Professional Hearing Services

About Tinintus

When you have ringing, buzzing clicking or other sounds in your ears, the cause may be tinnitus. The condition is hard to self-identify since only the sufferer can hear the sounds. Even with objective tinnitus, it takes an instrument for the professional to hear the sounds in the ears. Certain physical conditions can heighten the intensity of the sound. During the initial physical examination, a doctor will be able to find out a lot of the core side effects.

One of the things a patient may be asked at Ashland Audiology is to move their eyes around. It may seem silly at first, but simple tests like this can help figure out a more appropriate treatment. Depending on the environment, tinnitus can be more grating than chalk on a chalkboard. Common sounds get enhanced and isolated like they were inside your head. It is only natural that eye movement would be one of the sounds that becomes a problem with some tinnitus sufferers.  Noisy eyeballs in tinnitus sufferers is particularly interesting because of the low serotonin levels. Current studies are looking into the use of SSRI inhibitors as a way to tinnitus. If low serotonin levels are the cause of not being able to block out noise, tinnitus can finally become curable. 

What is the cause of tinnitus?

Tinnitus has many causes, whether temporary or permanent. Temporary tinnitus is caused by earwax blockage or certain medications conflicting with the patient. Both are curable and easy to identify with a doctor’s appointment. Permanent tinnitus is a little trickier and can be one of several causes.

  • Brain damage
  • Ear damage
  • Age-related hearing loss
  • Noise-induced hearing loss
  • Obstructions in the ear
  • Trauma to the head or neck
  • Joint disorders
  • Sinus pressure
  • Medicine
  • Drugs
  • Tumors
  • Other diseases

The list continues to pile up for causes, with categories, subcategories and even mixed causes. When going in for a diagnosis, it is important to get as much information as possible so that the treatment is customized correctly. Incorrect tinnitus treatment can cause further complications with the condition. Patients should never try to resolve tinnitus issues on their own, even if it is temporary tinnitus. 

How tinnitus pills are changing the industry

It was mentioned earlier that SSRI inhibitors may be the secret weapon to curing tinnitus. Many drugs based off of the idea of improving serotonin levels are already being tested. But if you need relief now, there are pills that work solely to relieve the worst parts of tinnitus effects. The pills work to temporarily relieve the symptoms, and work in the same way that Ibuprofen would work for a headache. For many, getting an hour or two of relief for popping a pill is the next best thing to a cure.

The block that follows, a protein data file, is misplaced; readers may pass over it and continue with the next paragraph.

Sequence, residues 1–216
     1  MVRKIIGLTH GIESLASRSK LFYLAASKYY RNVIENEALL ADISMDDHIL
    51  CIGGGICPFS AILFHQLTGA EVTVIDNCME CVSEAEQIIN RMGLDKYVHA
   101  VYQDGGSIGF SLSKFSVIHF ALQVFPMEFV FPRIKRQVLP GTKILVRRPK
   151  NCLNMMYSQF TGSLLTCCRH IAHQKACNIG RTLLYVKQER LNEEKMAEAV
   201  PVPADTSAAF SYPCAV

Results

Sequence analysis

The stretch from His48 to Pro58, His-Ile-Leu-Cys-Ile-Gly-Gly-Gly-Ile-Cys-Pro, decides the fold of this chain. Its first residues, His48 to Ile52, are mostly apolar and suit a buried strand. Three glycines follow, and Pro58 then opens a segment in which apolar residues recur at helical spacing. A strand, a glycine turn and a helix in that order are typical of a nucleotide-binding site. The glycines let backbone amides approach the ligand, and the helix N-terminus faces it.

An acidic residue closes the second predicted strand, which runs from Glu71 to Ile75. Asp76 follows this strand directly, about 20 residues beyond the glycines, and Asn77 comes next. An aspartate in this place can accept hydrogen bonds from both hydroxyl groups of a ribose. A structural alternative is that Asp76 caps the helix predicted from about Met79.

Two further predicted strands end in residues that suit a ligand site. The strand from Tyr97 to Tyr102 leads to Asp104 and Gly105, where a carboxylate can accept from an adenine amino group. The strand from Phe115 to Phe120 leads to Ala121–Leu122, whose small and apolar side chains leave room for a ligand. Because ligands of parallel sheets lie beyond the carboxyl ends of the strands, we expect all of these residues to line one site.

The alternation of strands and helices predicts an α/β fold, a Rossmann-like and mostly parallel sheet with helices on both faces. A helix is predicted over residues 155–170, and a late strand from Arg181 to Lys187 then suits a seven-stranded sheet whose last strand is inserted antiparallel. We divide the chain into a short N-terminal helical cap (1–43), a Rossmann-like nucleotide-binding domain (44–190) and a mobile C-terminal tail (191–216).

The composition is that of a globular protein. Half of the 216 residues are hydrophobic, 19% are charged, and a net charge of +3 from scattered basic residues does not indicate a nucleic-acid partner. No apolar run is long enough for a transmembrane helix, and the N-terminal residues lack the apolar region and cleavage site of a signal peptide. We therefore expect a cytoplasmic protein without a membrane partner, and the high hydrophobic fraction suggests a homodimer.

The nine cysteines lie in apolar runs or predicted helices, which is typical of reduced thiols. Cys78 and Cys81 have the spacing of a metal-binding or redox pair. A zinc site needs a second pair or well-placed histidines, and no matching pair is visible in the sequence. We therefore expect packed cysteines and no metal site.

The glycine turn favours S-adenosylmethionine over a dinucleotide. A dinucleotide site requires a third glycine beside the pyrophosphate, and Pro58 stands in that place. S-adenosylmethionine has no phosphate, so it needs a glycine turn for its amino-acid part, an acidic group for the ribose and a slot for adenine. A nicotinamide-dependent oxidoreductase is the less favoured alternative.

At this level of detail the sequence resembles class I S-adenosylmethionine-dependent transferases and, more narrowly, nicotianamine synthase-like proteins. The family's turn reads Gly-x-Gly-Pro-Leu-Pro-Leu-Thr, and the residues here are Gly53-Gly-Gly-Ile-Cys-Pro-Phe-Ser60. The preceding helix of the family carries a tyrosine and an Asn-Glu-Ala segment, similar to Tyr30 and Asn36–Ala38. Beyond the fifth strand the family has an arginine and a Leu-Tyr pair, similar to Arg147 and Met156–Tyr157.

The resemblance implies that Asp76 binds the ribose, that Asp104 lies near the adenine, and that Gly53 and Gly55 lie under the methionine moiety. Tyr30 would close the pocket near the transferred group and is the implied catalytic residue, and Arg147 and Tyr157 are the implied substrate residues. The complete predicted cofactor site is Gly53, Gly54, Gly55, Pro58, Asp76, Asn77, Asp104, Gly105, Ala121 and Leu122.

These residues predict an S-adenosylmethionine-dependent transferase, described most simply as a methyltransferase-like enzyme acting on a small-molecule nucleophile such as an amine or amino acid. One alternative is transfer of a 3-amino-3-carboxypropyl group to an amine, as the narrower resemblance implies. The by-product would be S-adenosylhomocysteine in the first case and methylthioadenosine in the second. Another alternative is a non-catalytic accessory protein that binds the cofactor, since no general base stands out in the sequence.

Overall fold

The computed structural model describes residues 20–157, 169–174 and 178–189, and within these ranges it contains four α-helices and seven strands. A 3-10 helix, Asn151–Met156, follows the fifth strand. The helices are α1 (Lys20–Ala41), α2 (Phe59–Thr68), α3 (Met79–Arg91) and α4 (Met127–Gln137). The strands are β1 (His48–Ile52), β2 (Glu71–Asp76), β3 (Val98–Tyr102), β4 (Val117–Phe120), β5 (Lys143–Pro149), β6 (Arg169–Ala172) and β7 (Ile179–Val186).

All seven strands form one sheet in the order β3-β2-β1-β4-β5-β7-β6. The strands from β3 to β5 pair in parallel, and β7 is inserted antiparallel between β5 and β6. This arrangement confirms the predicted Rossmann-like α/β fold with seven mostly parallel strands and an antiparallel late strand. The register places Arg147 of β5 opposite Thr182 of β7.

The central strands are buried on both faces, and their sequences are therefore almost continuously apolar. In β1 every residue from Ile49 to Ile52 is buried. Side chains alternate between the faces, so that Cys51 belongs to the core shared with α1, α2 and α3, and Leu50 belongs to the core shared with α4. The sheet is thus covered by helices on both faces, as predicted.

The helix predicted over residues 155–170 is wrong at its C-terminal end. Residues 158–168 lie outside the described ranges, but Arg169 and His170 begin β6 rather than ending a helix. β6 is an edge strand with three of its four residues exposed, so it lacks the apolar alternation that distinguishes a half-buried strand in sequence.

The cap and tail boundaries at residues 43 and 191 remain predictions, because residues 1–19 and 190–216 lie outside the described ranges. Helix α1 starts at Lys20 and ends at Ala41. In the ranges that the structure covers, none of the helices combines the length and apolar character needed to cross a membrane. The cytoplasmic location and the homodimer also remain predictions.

Imagine going to work and having a splitting headache for the entire day. It affects work performance and makes life an overall miserable process. Tinnitus pills give users a happy medium to manage their worst symptoms when they need it the most. All of this sounds good in theory, except these pills don’t exist, and are not recommended by Ashland Audiology. There are pills for tinnitus, but there are not FDA approved. Remember the list of causes of tinnitus with medicine being one of the problems on the list? Taking any of these tinnitus miracle pills is a sure way to worsen the effects of your core problems.

Serotonin research with tinnitus will yield positive results in time for medicinal purposes. For the time being, patients will have to settle for recommended treatment options from professionals. 

Is caffeine a hidden cure for tinnitus?

Caffeine is used by people to stay alert throughout the day. Its ties to tinnitus have been associated with many myths surrounding the condition. At one point, people believed that caffeine worsened tinnitus, bringing out the worst of its symptoms. After a few careful studies, the opposite is true. If you currently have a normal intake of caffeine per day, then cutting it out of your routine will worsen tinnitus in every possible way. 

A lot of this has to do with caffeine being a stimulant, which in some ways has addictive qualities. The withdrawal of caffeine from your day to day activities throws the entire body out of order. It aggravates tinnitus, forcing the body to use resources to make up for the lack of caffeine. Once the body gets used to not having caffeine in its system, this is no longer an issue. It takes a short amount of time for this to happen, sometimes less than a week. 

With easily over 80 percent of the world consuming caffeine daily, this is a fascinating look into how a patient’s diet can influence their tinnitus symptoms. Caffeine isn’t a cure for tinnitus, but it is not something you want to go cold turkey on. Stay the course unless your doctor recommends otherwise.